Let’s assume your business has been growing at a modest 5 percent per year and earns $1 million. If a would-be buyer believed that you could sustain that growth, based on my model, we could expect them to pay you 20 times or $20 million. Rather than take the $20 million, you decide to boost earnings by cutting sales expense by $500,000 and the result boosts your bottom-line at the expense of revenue growth which drops to zero. The savvy investor will see that you have a healthy $1.5 million in earnings but no growth. Since you can’t cut costs forever, they may assume your long-term growth rate is zero. Based on my model, the result is that your P/E ratio drops to 10, so the value of your business actually drops to $15 million despite the increase in profits.
Not only do investors value growth, but they are smart. M&A professionals know the difference between sustainable and unsustainable growth. Simple common sense says the best way to create that growth story is to start early and invest wisely. Less wide known is the fact that your growth story is one of the most important drivers of value.
About the Author: Stephen D. Hassett is a corporate development executive with Sage North America, a subsidiary of The Sage Group plc, a leading global supplier of business management software and services and author of "The Risk Premium Factor: A New Model for Understanding the Volatile Forces that Drive Stock Prices" (Wiley 2011).
Six issues at the top of tax and finance leaders’ agenda
New Deloitte research reveals that tax leaders are under increasing pressure to add strategic value as companies accelerate business model transformation, from undergoing digital transformations to rethinking their supply chains or investing in green initiatives.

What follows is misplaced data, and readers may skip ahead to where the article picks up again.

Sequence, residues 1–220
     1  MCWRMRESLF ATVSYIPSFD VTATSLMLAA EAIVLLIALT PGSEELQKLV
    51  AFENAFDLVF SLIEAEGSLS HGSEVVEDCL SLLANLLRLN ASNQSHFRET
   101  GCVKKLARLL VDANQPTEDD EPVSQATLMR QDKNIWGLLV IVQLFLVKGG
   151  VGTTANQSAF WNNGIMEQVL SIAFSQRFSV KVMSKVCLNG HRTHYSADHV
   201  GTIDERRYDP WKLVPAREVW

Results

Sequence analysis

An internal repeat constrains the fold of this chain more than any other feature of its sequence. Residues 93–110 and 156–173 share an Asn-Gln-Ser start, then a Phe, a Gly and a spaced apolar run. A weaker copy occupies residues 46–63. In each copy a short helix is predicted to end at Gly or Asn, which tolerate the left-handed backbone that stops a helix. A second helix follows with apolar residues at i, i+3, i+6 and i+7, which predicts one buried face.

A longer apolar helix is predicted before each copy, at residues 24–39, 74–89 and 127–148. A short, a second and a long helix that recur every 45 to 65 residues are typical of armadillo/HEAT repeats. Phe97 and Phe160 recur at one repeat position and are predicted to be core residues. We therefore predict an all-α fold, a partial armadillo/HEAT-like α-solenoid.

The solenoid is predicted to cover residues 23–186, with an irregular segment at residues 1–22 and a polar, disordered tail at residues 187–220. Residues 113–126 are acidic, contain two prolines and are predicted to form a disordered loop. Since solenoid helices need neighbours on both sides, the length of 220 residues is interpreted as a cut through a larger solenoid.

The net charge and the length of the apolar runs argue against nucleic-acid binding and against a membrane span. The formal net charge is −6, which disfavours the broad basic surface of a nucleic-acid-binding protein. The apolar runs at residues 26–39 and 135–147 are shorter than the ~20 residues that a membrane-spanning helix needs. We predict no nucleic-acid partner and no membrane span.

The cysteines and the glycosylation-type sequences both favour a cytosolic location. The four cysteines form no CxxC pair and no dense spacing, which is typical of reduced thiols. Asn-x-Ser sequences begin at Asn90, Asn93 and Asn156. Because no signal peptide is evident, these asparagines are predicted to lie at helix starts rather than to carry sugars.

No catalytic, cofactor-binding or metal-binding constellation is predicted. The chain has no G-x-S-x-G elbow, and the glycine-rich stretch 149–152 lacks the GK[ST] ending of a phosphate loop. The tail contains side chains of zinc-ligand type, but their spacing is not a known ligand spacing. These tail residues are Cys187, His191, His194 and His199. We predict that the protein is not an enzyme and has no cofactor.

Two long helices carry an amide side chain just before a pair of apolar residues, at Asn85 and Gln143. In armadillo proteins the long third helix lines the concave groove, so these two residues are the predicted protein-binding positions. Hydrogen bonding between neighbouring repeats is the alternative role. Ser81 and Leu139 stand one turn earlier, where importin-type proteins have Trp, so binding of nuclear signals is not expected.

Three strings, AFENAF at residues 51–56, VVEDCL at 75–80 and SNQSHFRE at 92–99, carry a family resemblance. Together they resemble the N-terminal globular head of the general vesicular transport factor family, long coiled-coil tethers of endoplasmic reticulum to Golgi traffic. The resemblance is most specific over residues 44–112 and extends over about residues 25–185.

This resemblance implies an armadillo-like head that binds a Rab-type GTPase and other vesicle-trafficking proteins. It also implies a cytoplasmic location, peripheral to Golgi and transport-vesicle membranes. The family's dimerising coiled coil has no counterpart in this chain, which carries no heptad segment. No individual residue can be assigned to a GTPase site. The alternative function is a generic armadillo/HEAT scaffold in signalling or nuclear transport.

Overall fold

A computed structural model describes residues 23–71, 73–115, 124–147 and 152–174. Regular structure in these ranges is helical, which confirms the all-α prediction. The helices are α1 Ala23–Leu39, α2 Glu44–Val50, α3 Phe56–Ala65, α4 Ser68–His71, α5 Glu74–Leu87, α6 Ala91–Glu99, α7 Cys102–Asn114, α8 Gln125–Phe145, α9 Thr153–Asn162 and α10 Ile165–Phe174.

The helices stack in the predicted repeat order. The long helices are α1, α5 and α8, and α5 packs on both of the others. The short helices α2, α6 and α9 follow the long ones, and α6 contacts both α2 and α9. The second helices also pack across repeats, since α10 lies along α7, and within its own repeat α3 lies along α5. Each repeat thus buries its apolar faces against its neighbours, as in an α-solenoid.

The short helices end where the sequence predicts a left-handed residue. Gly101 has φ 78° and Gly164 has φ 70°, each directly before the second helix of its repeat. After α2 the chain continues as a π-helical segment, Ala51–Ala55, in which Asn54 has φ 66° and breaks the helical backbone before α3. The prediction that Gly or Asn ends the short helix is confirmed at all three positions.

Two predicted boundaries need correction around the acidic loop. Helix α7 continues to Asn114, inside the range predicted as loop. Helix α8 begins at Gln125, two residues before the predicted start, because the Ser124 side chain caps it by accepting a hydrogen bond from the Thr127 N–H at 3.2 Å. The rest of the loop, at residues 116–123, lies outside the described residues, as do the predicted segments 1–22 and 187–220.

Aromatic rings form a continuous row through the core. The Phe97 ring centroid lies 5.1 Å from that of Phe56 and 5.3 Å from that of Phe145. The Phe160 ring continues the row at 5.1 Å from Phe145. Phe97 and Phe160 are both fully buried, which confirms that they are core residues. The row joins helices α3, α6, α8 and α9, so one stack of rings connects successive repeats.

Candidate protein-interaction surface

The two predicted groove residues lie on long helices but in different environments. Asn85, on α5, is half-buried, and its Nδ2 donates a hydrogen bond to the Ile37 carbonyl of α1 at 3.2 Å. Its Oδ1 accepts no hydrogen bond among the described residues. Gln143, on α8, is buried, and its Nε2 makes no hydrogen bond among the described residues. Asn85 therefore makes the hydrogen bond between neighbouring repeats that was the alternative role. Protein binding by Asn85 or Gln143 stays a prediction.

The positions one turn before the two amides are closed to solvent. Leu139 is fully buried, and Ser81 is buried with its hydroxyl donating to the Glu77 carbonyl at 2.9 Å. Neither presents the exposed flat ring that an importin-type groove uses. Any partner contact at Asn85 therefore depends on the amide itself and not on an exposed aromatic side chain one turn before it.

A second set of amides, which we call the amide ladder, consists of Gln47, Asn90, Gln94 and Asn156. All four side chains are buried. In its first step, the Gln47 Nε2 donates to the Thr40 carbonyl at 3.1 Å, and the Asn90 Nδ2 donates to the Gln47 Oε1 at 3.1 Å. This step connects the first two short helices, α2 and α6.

According to Phil Mills, Deloitte Global Tax & Legal Leader, to “truly deliver value to the business, the tax function needs to rethink its resourcing model and transform its technology infrastructure to create capacity and control costs”.
And the good news, according to Mills, is that tax and business leaders have more options at their disposal to achieve this.
Reflecting the insights of global tax and finance executives at global companies, Deloitte’s Tax Operations in Focus study reveals the six issues at the top of tax and finance leaders’ agenda.
Trend 1: Businesses seek more strategic counsel from tax
Companies are being pushed to develop new digital products and distribution channels and accelerate sustainable transformation and this is taking them into uncharted tax territory. Tax leaders say their teams must have the resources and skills to give deeper advisory support on digital business models (65%), supply chain restructuring (49%) and sustainability (48%) over the next two years. This means redrawing the boundaries of what tax professionals focus on, and accelerating adoption of advanced technologies and lower-cost resourcing models to meet compliance requirements and free up time.
According to Joanne Walker, Group Tax Director, BT Group PLC, "There’s still a heavy compliance load today, but the vision for the future would be that much of that falls away, and tax people become subject matter experts who help program the machine, ensure quality control, and redirect their time to advisory activity.”
Trend 2: Tipping point for resourcing models
Business partnering demands in the tax department are on the rise, but 93% of tax leaders say their department’s budget is remaining flat or falling. To ensure that the tax function can redefine itself as a strategic function at the pace that is required, leaders are choosing to move increasing amounts of compliance and reporting to a combination of shared service centers, finance departments, and outsourcing providers that have invested in best-in-class technology.